Health Secretary: Raising national insurance is right and reasonable

LONDON, (Parliament Politics Magazine) – According to the health secretary, the rise in national insurance payments for millions of individuals already struggling to cope with the cost of living issue is both reasonable and fair.

Sajid Javid said the additional 1.25 percentage point charge, which goes into effect on Wednesday, is vital to pay for social care and health in the wake of the Covid pandemic.

Despite calls from business groups, unions, and some Conservative MPs to at least postpone the implementation, the government has moved on with its plans to raise national insurance contributions for workers and businesses. A planned amendment that would exempt some of the lowest earners of the country from paying any national insurance contributions will not be implemented until summer.

Javid defended the rise, telling Sky News that the pandemic’s impact has been unprecedented.

When money is spent on public services, whether it’s for the NHS or for anything else, it can only be gotten from two places. Money may be raised directly for people today, that can be done through taxes, or it can be borrowed and essentially the next generation is being asked to pay for it, he explained.

He believes it is appropriate that they pay for what they will use as a country, but that they do in a fair manner.  This levy is being raised in such a way that the wealthiest 15% of earners will pay nearly half of it. That, he believes, is the proper approach.

The government has been accused of unfairly burdening lower-income people by imposing a regressive tax, according to critics.

It was the wrong tax at the wrong time, and people were having a difficult time paying their bills.  And this was going to have a huge impact on them, said Labour leader Keir Starmer.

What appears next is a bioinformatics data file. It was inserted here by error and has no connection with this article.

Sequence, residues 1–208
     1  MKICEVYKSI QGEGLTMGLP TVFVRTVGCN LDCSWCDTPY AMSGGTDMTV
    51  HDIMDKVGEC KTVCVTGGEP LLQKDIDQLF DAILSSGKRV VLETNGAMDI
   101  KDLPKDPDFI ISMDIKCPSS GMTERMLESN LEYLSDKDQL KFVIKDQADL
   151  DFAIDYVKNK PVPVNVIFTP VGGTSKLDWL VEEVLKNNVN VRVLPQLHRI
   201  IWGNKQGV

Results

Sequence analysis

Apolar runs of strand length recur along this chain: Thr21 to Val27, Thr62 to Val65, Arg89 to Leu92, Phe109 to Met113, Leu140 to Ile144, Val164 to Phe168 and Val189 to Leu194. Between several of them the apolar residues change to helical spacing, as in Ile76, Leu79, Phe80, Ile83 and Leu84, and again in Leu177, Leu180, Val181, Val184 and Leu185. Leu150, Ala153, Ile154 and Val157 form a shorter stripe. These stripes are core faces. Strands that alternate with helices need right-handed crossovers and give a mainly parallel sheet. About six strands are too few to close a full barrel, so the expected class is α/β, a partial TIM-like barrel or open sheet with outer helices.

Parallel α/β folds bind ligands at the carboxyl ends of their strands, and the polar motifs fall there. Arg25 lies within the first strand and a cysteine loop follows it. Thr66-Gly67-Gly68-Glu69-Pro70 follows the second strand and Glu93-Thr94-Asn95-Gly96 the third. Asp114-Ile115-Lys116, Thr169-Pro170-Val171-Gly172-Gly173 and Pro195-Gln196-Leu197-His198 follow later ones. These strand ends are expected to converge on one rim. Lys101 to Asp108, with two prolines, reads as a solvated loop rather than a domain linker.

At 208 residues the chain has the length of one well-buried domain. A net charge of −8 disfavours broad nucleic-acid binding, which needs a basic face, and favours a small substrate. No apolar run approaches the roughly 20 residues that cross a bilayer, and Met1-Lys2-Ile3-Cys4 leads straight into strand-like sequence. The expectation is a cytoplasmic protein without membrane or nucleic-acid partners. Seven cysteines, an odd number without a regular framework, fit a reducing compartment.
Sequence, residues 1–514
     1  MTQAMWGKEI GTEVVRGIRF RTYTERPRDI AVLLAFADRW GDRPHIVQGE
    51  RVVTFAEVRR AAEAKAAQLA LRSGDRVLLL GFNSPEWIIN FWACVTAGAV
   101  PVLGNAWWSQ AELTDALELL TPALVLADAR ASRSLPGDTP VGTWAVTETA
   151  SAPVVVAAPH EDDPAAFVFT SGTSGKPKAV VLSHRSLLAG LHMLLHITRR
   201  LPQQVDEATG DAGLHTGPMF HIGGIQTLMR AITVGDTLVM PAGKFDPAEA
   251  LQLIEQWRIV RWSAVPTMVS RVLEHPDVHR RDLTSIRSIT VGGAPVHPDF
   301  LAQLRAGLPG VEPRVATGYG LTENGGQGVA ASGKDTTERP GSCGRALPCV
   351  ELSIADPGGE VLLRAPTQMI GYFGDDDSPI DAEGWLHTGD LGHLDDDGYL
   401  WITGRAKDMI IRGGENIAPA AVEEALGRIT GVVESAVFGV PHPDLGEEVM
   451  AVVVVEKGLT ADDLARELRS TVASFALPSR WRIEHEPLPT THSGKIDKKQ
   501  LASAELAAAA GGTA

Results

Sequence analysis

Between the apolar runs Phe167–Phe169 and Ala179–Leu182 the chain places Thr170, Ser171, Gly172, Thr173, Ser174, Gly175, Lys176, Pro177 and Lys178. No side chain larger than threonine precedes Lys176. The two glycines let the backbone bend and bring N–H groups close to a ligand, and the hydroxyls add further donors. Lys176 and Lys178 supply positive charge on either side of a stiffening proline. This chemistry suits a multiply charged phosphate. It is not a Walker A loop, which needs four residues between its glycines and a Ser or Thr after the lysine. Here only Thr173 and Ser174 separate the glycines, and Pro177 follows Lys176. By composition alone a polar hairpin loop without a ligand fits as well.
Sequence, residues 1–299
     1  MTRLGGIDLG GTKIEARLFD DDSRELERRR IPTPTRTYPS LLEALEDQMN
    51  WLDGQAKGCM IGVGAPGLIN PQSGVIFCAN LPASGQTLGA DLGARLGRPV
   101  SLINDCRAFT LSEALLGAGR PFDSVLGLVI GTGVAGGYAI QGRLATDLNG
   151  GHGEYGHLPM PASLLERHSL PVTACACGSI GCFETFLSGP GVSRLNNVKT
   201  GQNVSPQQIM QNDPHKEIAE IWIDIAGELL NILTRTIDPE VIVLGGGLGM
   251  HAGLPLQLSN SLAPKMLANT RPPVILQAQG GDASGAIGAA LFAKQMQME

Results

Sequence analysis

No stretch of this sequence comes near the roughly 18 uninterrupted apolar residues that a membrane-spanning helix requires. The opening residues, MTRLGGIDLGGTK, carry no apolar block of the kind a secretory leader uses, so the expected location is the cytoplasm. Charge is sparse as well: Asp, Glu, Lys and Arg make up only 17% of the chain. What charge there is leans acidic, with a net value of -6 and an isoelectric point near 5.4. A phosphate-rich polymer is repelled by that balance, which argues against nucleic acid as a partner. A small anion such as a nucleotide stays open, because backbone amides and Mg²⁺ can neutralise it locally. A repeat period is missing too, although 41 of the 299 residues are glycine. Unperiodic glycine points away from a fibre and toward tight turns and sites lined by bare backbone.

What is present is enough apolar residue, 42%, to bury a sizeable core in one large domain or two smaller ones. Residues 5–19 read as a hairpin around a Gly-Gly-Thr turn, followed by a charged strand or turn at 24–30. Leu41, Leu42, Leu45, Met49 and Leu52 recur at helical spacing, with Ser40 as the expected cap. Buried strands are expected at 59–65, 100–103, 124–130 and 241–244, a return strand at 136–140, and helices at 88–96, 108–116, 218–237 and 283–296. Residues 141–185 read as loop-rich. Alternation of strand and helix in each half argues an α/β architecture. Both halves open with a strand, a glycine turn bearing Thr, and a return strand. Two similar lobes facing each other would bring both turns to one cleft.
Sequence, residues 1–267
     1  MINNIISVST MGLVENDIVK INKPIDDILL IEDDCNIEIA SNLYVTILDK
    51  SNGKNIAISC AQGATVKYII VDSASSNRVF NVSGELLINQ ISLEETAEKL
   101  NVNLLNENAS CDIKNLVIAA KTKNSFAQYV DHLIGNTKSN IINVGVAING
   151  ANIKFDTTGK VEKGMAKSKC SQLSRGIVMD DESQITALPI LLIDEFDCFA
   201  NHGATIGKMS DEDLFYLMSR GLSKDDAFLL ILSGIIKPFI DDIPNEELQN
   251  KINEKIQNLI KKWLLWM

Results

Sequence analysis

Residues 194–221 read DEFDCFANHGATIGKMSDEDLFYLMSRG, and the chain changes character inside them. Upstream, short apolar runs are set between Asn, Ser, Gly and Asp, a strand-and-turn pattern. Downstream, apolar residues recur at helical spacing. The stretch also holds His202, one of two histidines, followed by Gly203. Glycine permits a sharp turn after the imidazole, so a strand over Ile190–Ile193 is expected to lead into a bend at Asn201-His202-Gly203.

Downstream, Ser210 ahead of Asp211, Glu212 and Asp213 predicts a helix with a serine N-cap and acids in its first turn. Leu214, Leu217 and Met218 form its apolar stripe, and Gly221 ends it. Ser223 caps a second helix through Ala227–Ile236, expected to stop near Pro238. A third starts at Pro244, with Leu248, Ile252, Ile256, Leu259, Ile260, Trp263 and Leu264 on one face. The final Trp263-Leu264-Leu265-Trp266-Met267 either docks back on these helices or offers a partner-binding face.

Starmer told BBC Radio 5 Live that the government chose to impose the tax on people who work, while exempting those who earn money via property rentals and share dividends.

There were a lot of landlords with a lot of properties who weren’t going to pay a dime extra in taxes.  Their tenants who go to work would have to pay more in tax.

Starmer said instead that the overall approach should be that income in all its forms should be taxed equitably, and that he will lay out Labour’s proposal to do so before the next general election, which will be held in around two years.

Ministers have also raised the tax on share dividends by the same amount, albeit this is expected to disproportionately burden small enterprises and sole traders, while having little impact on large-scale stock trading.

Eleni Kyriakou

Eleni is a journalist and analyst at Parliament Magazine focusing on European News and current affairs. She worked as Press and Communication Office – Greek Embassy in Lisbon and Quattro Books Publications, Canada. She is Multilingual with a good grip of cultures, eye in detail, communicative, effective. She holds Master in degree from York University.